Detox, or detoxification of addictive substances in the body, is the first step in addiction recovery. Once your body is free from the addictive substance, then you can start the work of recovery. Medically supervised detox can help ease the painful withdrawal symptoms from opioids, alcohol, benzodiazepines, and other narcotics. For people who have a severe addiction to benzos or alcohol, medical detox can significantly reduce the chances of deadly withdrawal complications.
What are the Benefits of Medical Detox?
Undergoing detox with medical care helps reduce the painful symptoms of withdrawal and prevent life-threatening complications, like seizures or a stroke. Many people keep using drugs or drinking to avoid withdrawal symptoms, like severe hangovers, shaking, or being “dope sick.” Easing the pain of withdrawal can increase the odds of successful withdrawal – the first few days of sobriety are among the riskiest for release.
In addition, most addiction treatment centers will not accept clients until they’ve detoxed and are clean. Once that’s done, you’re in a better place to therapeutically analyze your behavior patterns and explore your reasons for using them.
Symptoms of Withdrawl Can Be Serious if Not Medically Managed
The strain of detoxification on the body is significant. Many people addicted to drugs or alcohol may already be in poor health or have compromised organ systems. Heart and liver problems are common in addicts. During the detox phase, your body is put through the wringer, and you may have a negative reaction, like a seizure, heart palpitations, very high blood pressure, or hallucinations. These can be dangerous, sometimes deadly. The right medication reduces these symptoms and helps prevent a health emergency.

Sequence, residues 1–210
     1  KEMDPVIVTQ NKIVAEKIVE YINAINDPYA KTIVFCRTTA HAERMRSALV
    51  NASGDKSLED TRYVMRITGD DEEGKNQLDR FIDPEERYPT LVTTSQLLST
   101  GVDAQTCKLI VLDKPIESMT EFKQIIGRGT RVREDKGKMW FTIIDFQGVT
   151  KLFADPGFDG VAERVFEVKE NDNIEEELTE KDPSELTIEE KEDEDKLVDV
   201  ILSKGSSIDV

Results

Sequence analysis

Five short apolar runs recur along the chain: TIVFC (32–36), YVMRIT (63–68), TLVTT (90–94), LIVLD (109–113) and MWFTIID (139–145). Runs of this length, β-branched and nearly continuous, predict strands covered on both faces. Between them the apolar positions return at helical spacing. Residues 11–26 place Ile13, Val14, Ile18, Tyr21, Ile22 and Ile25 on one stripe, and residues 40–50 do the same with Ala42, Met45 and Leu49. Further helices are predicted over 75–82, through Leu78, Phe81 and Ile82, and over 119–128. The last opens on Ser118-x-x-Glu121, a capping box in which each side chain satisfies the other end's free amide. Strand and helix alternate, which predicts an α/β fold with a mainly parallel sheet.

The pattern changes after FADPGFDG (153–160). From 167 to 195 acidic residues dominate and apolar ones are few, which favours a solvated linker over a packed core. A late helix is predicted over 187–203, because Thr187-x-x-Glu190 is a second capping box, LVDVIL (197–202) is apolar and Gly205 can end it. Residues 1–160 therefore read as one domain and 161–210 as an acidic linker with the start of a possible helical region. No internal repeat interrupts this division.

Getting medical assistance for detox isn’t a sign that you lack willpower or aren’t strong enough to “go cold turkey.” Rather, having a medically supervised detox is a smart choice to protect your health and reduce your chances of a relapse.
How Does Medically Supervised Detox Work?
Medical detox is performed in an inpatient clinical setting, usually a hospital or detox facility with advanced medical care. Clients are monitored by licensed nurses specializing in addiction around the clock. They watch for complications during detox and work with you to reduce your symptoms.
The first step in your detox is a medical assessment, including a drug and blood alcohol test, to determine what is in your system and how much. You’ll be given an IV with fluids and electrolytes and administered IV medication. The medication you’re given depends on what you’re detoxing from, and the amount varies according to the severity of your addiction, how long you’ve been using, and your height, weight, and gender.
The medications you’re given often block the opioid receptors in your brain to reduce cravings. Many people are also given anti-seizure medications, and you’ll receive medication for nausea and headaches. Nutrition and proper hydration are crucial to a healthy detox, so you’ll have plenty of water and meals. Expect to be very tired during this process as your body heals, so sleep as much as you need to.
Do You Need Detox and Addiction Therapy?
If you’re concerned about the effects of a drug or alcohol addiction on your life, we can help. The dangers and discomfort of drug and alcohol withdrawal can be alleviated through medically supervised detox. Baystate Recovery Center partners with qualified medical detox facilities in our area, and once you’ve completed detox, you can begin one of our evidenced-based treatment programs. Contact us today for a confidential evaluation of your treatment needs.